Grounds for Golf: The History and Fundamentals of Golf Course Design
By Geoff Shackleford
Teacher’s Comments: An informative analysis of golf architecture that’s primarily for the serious golfer.
“Every golfer worthy of the name should have some acquaintance with the principles of golf course design, not only for the betterment of his game, but for his own self enjoyment” – Bobby Jones
There’s probably an armchair course designer in every serious golfer. We’ve seen enough courses to be able to distinguish between good and bad. We’ve thought seriously about the design of various holes because it helps to improve our games. We replay favorite tracks in our minds. And I don’t think I’m alone in sometimes doodling hole designs on scraps of paper.
I will also confess to having spent way too much time designing courses on various computer golf games.
Geoff Shackeford wants to encourage that sort of thinking. In Grounds For Golf, the golf writer and internet impresario offers readers a solid introduction to golf course design. Through eighteen chapters (no coincidence, there) Shackleford covers design fundamentals, course design history, the differences between various schools of thought, great designers, course maintenance, and various elements that Shackleford believes make a great golf hole.
Shackleford encourages his readers to “daydream” holes as they play. He wants players to imagine what the designer had in mind, much as museum goers speculate on the meaning of various works of art.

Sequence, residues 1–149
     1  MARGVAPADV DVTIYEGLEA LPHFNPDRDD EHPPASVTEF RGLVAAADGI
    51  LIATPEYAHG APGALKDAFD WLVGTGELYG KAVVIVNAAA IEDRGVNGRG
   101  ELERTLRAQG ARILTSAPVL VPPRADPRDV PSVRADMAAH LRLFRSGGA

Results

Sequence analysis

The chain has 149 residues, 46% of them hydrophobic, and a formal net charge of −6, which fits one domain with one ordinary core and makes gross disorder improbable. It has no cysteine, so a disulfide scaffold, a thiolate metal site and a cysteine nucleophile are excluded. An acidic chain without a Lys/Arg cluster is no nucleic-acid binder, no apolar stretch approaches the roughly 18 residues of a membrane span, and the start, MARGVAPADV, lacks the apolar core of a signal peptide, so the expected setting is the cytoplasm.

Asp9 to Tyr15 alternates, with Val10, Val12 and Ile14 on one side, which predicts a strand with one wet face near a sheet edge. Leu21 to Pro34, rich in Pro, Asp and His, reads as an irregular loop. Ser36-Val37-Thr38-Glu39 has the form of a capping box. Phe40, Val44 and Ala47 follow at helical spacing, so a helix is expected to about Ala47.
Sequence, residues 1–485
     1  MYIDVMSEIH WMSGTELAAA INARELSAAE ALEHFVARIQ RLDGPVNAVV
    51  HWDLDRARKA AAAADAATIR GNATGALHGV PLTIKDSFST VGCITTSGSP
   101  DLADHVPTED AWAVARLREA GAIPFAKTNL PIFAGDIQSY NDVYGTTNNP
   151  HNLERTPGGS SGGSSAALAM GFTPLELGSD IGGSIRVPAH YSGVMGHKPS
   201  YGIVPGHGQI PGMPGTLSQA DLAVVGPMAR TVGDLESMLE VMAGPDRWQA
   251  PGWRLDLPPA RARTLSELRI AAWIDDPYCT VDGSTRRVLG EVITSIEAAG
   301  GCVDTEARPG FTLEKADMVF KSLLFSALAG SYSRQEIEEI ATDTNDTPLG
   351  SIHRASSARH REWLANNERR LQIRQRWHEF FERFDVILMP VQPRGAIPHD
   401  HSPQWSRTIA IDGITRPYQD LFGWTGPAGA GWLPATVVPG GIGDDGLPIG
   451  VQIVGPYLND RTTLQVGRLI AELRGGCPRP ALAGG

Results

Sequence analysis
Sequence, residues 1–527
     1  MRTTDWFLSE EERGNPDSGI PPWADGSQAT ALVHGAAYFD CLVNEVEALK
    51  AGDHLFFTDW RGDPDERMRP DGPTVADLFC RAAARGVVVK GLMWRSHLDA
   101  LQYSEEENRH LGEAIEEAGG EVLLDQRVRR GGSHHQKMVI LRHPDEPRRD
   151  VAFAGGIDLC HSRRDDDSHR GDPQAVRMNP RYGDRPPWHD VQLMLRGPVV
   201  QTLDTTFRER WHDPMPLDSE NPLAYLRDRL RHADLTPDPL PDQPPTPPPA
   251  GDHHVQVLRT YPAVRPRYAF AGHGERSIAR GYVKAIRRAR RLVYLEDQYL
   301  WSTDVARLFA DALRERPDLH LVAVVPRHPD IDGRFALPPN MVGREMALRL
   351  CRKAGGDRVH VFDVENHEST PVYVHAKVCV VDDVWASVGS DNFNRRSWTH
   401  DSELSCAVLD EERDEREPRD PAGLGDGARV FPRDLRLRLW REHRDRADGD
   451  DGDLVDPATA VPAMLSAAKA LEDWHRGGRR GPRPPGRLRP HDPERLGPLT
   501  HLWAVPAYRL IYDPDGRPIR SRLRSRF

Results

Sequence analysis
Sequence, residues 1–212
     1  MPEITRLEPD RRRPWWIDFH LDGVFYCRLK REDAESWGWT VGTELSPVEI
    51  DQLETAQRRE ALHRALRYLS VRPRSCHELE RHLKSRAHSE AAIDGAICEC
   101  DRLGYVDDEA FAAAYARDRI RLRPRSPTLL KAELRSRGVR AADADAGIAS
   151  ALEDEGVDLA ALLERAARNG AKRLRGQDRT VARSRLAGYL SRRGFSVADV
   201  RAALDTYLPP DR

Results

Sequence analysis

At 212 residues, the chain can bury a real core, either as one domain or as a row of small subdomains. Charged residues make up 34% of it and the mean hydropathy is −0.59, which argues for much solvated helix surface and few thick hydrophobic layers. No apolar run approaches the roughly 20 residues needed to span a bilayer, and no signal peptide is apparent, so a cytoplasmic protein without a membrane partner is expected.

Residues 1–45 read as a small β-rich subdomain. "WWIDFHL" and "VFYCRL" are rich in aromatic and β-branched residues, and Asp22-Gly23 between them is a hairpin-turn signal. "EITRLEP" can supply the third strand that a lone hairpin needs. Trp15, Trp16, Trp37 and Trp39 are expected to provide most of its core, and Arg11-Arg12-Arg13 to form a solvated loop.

It’s not all an esoteric pursuit, though. Understanding the role of various design elements, and correctly deciphering the options presented by the designer can lead to lower scores.
In analyzing courses, Shackleford’s preferences tend toward the “naturalistic” designs, where fairways, greens, bunkers and other elements look as though they were teased from the landscape, rather than carved by a bulldozer. He also prefers holes that offer a variety of strategic options, and generally denigrates the straightforward real estate development courses in the same way that real baseball fans deride the cookie-cutter stadiums of the 1970s.
I think it’s hard to argue with either of those two points.
Grounds for Golf is replete with black and white line drawings of holes, which Shackleford uses to illustrate his arguments. Less interesting are the too-dark black-and-white photographs of holes.
At its best, the book made me examine elements of golf course design that I hadn’t really considered. I particularly enjoyed the chapter on the injection of humor into golf course design. As Shackleford began to describe the characteristics of a “humorous” golf hole, I immediately thought of the sixth at the University of Michigan’s Alistair MacKenzie designed golf course. And sure enough, on the very next page, Shackleford used as an example that hole’s meandering, multi-tiered green.
I give this book a B+ only because I think it’s audience is confined to the serious golfer. Most weekend hackers, or those who play the same course over and again during their league meets won’t find this one as meaningful or interesting.